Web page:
Applicants are required to supply evidence of child care costs from their provider in order to receive Child Care Tax Credit. The Inland Revenue carry out risk assessments of applications based on their experience of fraudulent claims, and can impose financial penalties where fraud is found to have taken place. These checks and sanctions apply to the child care tax credit in the same way as other elements of the Working Families Tax Credit.
Mr. Webb: To ask the Chancellor of the Exchequer what checks are in place to ensure that the child care expenditure covered by the Child Care Tax Credit has actually been incurred by the claimant and continues to be incurred for the duration of the claim. 
Dawn Primarolo [holding answer 16 March 2001]: Applications for the Working Families and Disabled Person's Tax Credits are subject to risk assessments based on accumulated Inland Revenue and DSS experience.
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Specialist staff may inquire formally into applications identified as requiring further investigation. Child care providers confirm the level of charges they have agreed with parents and provide information as part of the application that can confirm that the service they provide is eligible for support through the Child Care Tax Credit component of the Working Families and Disabled Person's Tax Credits. WFTC and DPTC awards are based on the information supplied in the application and normally continue for the full 26 weeks of the award. As with other changes in circumstances, changes in child care arrangements will not normally alter awards.
Dr. David Clark: To ask the Chancellor of the Exchequer how many claimants of family credit there were in South Shields constituency in 1997; what the average benefit for a (a) full-time and (b) part-time worker was; how many claimants of Working Families Tax Credit there are; and what the average benefit is for a (i) full-time and (ii) part-time worker.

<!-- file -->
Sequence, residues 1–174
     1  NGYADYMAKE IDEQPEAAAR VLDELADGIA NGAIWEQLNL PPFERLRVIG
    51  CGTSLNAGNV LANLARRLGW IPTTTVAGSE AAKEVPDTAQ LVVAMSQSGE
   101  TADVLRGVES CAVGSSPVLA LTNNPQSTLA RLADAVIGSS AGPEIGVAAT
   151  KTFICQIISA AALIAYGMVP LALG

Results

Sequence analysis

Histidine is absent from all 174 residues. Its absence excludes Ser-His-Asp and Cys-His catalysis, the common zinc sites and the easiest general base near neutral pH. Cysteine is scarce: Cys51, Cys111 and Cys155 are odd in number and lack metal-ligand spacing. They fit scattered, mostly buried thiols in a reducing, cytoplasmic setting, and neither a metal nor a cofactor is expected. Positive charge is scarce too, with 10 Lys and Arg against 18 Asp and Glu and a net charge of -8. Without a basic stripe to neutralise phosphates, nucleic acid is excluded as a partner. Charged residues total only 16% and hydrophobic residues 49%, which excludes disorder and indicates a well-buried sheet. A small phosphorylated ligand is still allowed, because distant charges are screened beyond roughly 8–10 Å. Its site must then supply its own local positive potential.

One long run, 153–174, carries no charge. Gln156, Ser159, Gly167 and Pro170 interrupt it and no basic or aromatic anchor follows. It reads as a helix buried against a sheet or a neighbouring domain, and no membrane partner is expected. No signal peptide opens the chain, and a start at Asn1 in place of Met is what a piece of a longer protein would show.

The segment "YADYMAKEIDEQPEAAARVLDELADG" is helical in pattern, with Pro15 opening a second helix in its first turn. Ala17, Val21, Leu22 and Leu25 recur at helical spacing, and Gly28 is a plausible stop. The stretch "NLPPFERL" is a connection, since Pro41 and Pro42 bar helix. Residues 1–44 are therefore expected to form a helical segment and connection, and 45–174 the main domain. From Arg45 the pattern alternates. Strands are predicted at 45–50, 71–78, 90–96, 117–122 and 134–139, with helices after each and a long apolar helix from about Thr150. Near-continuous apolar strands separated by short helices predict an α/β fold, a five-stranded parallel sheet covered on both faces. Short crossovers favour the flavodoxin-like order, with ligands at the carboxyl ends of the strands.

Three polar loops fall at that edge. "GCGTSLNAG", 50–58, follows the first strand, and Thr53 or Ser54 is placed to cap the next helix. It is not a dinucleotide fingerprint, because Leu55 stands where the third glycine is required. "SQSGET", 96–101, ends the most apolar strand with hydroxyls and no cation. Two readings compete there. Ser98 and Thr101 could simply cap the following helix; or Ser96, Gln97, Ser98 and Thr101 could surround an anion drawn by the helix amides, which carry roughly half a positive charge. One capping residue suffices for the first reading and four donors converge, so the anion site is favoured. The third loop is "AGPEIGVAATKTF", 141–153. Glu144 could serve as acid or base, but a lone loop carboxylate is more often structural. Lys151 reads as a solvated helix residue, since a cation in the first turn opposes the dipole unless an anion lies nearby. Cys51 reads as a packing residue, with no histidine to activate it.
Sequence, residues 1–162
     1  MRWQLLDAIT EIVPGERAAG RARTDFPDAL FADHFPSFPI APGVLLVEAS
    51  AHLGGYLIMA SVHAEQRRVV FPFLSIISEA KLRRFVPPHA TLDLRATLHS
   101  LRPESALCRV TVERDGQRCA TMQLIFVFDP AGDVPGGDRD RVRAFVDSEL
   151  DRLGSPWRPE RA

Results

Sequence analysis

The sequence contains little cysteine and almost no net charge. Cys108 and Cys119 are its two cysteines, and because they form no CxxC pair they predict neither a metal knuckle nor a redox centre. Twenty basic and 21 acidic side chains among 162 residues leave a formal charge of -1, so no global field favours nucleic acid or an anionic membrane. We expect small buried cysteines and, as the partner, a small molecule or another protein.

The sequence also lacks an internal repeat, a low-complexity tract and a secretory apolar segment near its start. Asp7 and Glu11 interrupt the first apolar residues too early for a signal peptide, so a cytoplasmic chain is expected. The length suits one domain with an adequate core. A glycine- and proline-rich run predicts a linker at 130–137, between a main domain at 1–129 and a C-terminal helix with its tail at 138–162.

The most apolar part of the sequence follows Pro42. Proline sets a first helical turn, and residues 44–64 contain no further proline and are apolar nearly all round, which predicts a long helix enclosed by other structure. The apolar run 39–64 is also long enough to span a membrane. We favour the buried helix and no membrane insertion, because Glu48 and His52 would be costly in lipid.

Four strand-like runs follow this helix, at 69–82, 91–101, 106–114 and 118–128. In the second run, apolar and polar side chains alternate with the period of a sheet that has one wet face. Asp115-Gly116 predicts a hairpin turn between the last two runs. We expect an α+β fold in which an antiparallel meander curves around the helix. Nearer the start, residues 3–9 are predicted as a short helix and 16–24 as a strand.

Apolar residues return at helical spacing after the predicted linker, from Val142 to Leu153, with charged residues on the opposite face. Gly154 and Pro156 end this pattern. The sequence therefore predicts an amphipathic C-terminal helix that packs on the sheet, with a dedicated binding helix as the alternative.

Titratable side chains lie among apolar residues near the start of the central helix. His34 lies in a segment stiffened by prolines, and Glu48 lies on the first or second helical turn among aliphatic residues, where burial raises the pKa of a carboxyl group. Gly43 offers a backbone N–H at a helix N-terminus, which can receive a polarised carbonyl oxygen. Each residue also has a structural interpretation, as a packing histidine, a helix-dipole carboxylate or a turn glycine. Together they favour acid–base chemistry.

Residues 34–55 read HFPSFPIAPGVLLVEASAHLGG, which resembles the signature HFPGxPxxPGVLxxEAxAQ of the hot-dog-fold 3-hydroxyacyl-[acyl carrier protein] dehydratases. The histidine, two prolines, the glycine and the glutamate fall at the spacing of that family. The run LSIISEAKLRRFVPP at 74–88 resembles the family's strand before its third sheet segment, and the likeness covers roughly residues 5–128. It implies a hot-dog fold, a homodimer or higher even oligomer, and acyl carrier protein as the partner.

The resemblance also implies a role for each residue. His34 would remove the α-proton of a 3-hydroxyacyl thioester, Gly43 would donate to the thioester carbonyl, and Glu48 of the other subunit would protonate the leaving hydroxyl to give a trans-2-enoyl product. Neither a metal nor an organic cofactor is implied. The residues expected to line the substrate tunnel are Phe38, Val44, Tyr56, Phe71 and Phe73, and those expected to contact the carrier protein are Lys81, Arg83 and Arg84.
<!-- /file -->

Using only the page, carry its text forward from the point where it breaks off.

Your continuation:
For the other parts of his question, I refer my right hon. Friend to my answer to my hon. Friend the Member for Newcastle upon Tyne, Central (Mr. Cousins) on 13 March 2001, Official Report, column 552W. There are too few cases in the 5 per cent. sample used for the analyses of these awards to yield reliable separate estimates of average awards for South Shields; and for the same reason care should be taken when making comparisons over time in estimates of the number of awards.
Dr. Kumar: To ask the Chancellor of the Exchequer if he will set out with statistical information, relating as directly as possible to the constituency, the effects on Middlesbrough, South and Cleveland, East of his Department's policies and actions since 2 May 1997. 
Mr. Andrew Smith: Middlesbrough, South and Cleveland, East, along with the rest of the United Kingdom, is benefiting from the long-term action we have taken to build economic stability and secure high and stable levels of growth and employment. Since the general election, claimant unemployment in the constituency has fallen by 785, or 22 per cent., youth unemployment is down by 65 per cent., and long-term unemployment has fallen by 65 per cent.
Macroeconomic stability is being complemented at the microeconomic level by the Government's policies to ease the transition from welfare into work and to make work pay. To the end of December 2000, the New Deal for 18 to 24-year-olds had helped 1,589 young people in Middlesbrough, South and Cleveland, East constituency gain valuable skills and experience--791 (50 per cent.) of whom had moved into employment. The Working Families Tax Credit (WFTC), introduced in October 1999, is helping to make work pay for low and middle income families. In August 2000, 2,300 families in Middlesbrough, South and Cleveland, East constituency were benefiting from WFTC.
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The Government are also committed to policies which enable pensioners to share in the country's rising prosperity. All pensioners, including 16,900 in Middlesbrough, South and Cleveland, East will receive an above-inflation increase in the basic state pension from April 2001. Single pensioners will receive an extra £5 a week and couples will receive an extra £8 a week. All pensioners aged 75 or over have also been entitled to a free TV licence since November 2000--including around 10,100 in Middlesbrough, South and Cleveland, East.